Caution fatigue, then, can apply to numerous situations where individuals are under siege for an extended period of time and grow tired of being required to employ protective measures. This is especially true when the threat is not perceived as imminent or direct, and even more prominent when the threat is invisible. Other factors that increase caution fatigue include:
- Lack of transparency into the threat or the reasons for the restrictions
- Unfair or overly complicated restrictions or recommendations for safety precautions
- Inconsistent actions and mixed messages about which measures are effective
- Unpredictable changes to safety measures, including using subjective criteria to alter directions
Looking at this list in the context of the coronavirus pandemic, it appears we’ve checked off all the boxes, turning what was strong public support for COVID-19 response strategies into a collective case of the Mondays. According to an October report by the World Health Organization (WHO), pandemic fatigue has reached over 60 percent in some parts of Europe. In the United States, a July 2020 Kaiser Family Foundation poll found that 53 percent of Americans believed the pandemic had harmed their mental health.
WHO says that Covid fatigue is expressed through an increasing number of people not sufficiently following recommendations and restrictions, decreasing their effort to stay informed about the pandemic, and having lower risk perceptions related to COVID-19. Previously effective core messages about washing hands, wearing face masks, practicing proper hygiene, and maintaining physical distance may now be lost in the shuffle. Instead, vigilance is replaced by denial (I won’t get infected) or nihilism (we’re all screwed anyway, so I might as well do what I want).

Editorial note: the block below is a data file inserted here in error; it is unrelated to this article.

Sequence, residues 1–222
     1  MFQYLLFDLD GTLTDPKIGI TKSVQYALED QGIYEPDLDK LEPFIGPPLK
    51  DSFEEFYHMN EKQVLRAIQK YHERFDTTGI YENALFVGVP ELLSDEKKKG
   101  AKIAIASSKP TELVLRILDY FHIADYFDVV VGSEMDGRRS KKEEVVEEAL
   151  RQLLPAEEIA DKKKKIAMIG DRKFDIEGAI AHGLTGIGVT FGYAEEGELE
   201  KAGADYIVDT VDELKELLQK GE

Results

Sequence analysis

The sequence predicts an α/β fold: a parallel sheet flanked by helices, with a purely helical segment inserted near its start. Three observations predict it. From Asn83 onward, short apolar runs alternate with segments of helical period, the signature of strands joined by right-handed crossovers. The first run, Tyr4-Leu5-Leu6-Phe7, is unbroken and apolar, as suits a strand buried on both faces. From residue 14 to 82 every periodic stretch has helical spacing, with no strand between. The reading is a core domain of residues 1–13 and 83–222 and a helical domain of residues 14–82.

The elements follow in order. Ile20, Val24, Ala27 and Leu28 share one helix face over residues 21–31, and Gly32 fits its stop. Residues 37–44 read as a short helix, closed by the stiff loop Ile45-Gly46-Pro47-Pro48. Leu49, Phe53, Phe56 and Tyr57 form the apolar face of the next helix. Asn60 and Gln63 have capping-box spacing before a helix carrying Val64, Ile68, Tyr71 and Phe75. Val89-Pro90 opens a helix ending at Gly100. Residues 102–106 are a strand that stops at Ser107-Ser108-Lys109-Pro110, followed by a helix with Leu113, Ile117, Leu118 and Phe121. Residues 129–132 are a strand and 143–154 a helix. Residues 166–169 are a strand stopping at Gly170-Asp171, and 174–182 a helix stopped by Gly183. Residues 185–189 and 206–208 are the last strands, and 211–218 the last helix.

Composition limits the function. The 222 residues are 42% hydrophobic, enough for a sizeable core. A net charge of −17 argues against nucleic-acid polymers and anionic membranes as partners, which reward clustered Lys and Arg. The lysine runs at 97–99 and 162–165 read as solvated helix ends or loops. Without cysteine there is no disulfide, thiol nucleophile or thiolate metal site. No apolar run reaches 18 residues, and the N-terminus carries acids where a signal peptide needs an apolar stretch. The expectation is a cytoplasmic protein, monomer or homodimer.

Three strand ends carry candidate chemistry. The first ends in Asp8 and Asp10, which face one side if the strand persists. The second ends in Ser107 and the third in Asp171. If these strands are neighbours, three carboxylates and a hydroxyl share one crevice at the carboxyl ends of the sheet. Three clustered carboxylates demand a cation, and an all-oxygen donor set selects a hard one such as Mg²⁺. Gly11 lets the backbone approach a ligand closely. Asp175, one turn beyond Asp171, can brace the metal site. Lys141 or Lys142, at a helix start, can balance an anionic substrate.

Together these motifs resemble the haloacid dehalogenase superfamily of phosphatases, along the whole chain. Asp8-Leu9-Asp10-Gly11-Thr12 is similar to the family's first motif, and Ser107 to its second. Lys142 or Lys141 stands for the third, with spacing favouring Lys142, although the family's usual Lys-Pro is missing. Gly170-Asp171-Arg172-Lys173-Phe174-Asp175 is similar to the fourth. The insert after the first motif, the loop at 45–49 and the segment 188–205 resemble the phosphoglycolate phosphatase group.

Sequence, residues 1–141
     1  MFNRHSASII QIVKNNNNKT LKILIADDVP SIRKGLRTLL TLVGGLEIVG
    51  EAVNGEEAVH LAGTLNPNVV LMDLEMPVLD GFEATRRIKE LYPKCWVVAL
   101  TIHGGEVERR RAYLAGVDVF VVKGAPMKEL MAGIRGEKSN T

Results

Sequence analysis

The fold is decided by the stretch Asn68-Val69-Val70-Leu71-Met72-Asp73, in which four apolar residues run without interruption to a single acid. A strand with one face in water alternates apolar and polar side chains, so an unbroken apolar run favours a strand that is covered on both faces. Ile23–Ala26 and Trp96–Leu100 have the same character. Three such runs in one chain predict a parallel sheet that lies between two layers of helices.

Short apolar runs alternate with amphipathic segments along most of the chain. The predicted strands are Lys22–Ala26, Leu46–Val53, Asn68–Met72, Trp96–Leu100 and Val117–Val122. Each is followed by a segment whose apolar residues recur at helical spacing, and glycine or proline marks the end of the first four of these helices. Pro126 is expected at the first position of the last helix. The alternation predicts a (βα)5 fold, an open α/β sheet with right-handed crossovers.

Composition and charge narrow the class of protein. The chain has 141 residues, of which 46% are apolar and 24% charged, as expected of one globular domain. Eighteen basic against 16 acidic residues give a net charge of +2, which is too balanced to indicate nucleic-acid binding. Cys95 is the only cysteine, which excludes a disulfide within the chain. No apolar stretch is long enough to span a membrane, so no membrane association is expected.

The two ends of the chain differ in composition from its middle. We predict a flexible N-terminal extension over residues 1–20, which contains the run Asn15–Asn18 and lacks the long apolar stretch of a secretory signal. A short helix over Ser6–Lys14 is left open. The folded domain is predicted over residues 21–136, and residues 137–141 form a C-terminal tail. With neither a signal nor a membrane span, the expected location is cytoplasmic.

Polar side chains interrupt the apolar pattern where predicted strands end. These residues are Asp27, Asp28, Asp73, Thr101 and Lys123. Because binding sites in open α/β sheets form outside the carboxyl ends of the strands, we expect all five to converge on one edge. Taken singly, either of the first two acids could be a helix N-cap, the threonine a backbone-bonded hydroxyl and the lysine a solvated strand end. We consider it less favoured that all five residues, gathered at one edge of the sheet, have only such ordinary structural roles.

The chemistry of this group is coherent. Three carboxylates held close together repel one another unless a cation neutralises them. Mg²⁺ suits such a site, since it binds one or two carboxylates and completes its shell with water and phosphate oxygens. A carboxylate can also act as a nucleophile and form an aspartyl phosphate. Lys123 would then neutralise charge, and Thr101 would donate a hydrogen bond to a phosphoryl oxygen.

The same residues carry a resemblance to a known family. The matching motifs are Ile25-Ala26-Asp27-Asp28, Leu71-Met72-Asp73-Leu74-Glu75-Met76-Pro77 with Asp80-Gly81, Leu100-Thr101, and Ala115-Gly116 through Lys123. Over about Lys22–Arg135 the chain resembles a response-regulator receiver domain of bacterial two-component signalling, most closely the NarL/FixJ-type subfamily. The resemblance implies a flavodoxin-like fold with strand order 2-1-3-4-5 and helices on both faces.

What does Covid fatigue have to do with cybersecurity?
Covid fatigue shares characteristics with another form of fatigue that has long plagued the cybersecurity industry: security fatigue. In 2017, the National Institute of Standards in Technology (NIST) published a study stating that security fatigue was the threshold at which users found it too hard or burdensome to maintain security, a phenomenon affecting 63 percent of its participants.
The NIST report went further to say, “People are told they need to be constantly on alert, constantly ‘doing something,’ but they are not even sure what that something is or what might happen if they do or do not do it.”
Security fatigue and its cousin alert fatigue (which technicians are likely already familiar with) prevent users from taking definitive steps to protect themselves while connected to the Internet. Every news story on ransomware or major breach of personally identifiable information (PII) or cyberattack by a nation-state comes with its own set of “here’s how to protect against this” steps to follow.
Some of those instructions may be complex or incredibly specific, contributing to confusion (especially for those who aren’t tech savvy). Likewise, the constant pinging from alert notifications on security software may result in IT teams dismissing those alerts altogether.